“Growing up, we lived on the beach next to the Warren Sand Dunes on Lake Michigan. I built sandcastles and I dammed up the water from coming in, and that was really fun doing stuff with my hands. Then we had these dirt roads, that for some reason, frogs and tadpoles and life started coming to fruition from the creeks and stuff. So I was down in the creeks playing there and also in the mud after it rained (basically, the same material I use now).” Was this the beginning of an art career?
“My mother had been the president of the Chicago Models Association. My father was an inventor of photographic material, and later he ended up working in a machine shop for Northwestern University’s prosthetics research lab. They did the beginning of mild electric controls. They’d make a fake hand and they’d glue stuff on there, and he’d make all the linkages that would make the hand function like a real hand. This was before Hollywood’s special effects knew how to do anything. They were making that stuff at Northwestern University and they were the biggest research labs for prosthetics in the U.S. I had no concept of the importance. He had a photo assignment for the Chicago Art Institute, to shoot the impressionism section in 3D, and again, I had no concept when I was looking at Monet and Van Gogh, all originals. It was all roped off for him to shoot these 3D pictures, but I didn’t care, because I was more interested in the girls with short skirts walking around Michigan Avenue. He didn’t like that and he got pretty upset with me. I was clueless as a kid.”
“Then we moved to Gary, Indiana, where my mom remarried Paul Ireland and they had three motion picture film labs for processing and printing motion picture films. Back in the day before videotapes, and now CDs and digital, everybody had to use film. We were the biggest lab between Hollywood and New York. We built all the film printing and processing equipment at the beginning. I ended up as a janitor, then I was driving a delivery car up and down into Chicago. I was mixing chemicals in vats with 400 or 500 gallons of developing agent, and then we processed millions and millions of film. We did more porno film than anywhere else in the world. We did everything, and I ran the film end for him.”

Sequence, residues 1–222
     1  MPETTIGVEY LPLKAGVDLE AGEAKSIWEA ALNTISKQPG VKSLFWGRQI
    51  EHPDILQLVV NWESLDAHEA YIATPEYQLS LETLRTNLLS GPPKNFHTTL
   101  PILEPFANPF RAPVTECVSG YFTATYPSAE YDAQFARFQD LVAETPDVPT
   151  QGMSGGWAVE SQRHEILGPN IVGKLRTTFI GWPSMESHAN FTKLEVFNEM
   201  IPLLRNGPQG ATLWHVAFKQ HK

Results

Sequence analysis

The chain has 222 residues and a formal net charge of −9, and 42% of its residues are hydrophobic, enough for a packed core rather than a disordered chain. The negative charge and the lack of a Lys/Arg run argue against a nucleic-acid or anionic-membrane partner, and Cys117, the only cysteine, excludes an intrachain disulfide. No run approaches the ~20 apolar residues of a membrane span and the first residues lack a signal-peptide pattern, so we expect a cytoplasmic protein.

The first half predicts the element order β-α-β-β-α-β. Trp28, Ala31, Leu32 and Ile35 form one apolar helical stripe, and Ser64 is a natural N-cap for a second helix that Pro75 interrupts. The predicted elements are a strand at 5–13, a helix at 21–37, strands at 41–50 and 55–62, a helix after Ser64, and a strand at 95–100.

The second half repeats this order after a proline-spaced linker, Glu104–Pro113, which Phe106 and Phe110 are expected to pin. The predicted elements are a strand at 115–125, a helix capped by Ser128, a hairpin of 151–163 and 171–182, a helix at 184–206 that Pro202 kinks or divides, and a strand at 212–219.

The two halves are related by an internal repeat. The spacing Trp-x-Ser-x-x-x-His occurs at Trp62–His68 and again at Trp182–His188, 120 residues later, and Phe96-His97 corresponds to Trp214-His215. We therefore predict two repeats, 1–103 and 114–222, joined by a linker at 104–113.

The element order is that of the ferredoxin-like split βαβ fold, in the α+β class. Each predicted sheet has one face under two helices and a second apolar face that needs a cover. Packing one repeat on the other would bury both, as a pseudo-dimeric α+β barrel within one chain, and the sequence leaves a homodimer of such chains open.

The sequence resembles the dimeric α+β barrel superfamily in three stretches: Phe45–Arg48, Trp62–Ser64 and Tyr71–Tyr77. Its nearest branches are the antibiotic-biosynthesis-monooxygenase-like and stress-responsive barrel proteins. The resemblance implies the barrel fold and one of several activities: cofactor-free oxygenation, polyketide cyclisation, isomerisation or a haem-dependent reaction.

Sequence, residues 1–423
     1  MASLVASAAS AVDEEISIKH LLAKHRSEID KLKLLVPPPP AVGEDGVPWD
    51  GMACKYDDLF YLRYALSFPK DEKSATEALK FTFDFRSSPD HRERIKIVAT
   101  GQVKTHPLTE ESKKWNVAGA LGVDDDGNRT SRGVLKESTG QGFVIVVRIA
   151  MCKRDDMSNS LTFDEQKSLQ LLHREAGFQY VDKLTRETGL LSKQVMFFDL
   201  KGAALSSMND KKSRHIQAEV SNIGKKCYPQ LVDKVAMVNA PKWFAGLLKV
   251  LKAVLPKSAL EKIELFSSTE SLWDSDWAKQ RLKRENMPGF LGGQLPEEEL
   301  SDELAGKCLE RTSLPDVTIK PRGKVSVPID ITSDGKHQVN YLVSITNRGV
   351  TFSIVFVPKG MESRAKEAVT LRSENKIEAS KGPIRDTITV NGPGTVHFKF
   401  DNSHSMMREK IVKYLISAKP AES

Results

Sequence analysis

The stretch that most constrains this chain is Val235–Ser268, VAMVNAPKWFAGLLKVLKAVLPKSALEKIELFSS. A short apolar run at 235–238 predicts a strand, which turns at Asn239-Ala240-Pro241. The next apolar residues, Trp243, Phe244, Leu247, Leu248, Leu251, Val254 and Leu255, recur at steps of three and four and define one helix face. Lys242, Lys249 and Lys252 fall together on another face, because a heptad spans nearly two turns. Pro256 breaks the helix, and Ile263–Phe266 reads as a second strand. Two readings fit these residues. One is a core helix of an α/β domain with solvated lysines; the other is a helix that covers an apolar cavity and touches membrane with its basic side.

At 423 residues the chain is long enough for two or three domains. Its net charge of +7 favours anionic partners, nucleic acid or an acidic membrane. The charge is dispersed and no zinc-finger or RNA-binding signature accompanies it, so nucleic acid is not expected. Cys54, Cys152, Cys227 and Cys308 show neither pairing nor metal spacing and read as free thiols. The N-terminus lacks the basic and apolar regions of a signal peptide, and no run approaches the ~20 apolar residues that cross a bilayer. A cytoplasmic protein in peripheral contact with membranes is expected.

“I got divorced, finished running the film lab, and I got out of the Midwest and came to Laguna Beach and saw the art in Laguna. I was living there and I met a guy who had a limousine business contract with Olympic Gardens, the first high level strip club out here. That was probably 20-some years ago now. We just brainstormed, and I said that there were these soft-sculpture butlers that you could position their hands so you could put a tray on them, and they charged $10-20 grand for them. I said we could make them out of people. We could cast real people. He thought it was a great idea and we called them Lapikins and Tablekins. I thought it would be good to get out of Laguna and move to Vegas. What was I thinking…right? I started getting stuff for making plaster casts and mannequin pieces, but I had to go back to Laguna to get some stuff. He was into Ecstasy and being crazy. He drove his Toyota Land Cruiser at 100 mph into a semi parked in an alley, and it blew up. He killed himself, so I didn’t have a partner anymore. I went back to Vegas and decided to drive a cab for a while.”
“The family business back in Indiana collapsed and my mom passed away. I had to go back and had to shut down everything. We had film vaults of old movies. We even had The Cisco Kid in there, and I had to figure out what to do with everything. When I came back to Vegas, that’s when I started to transition into another world.”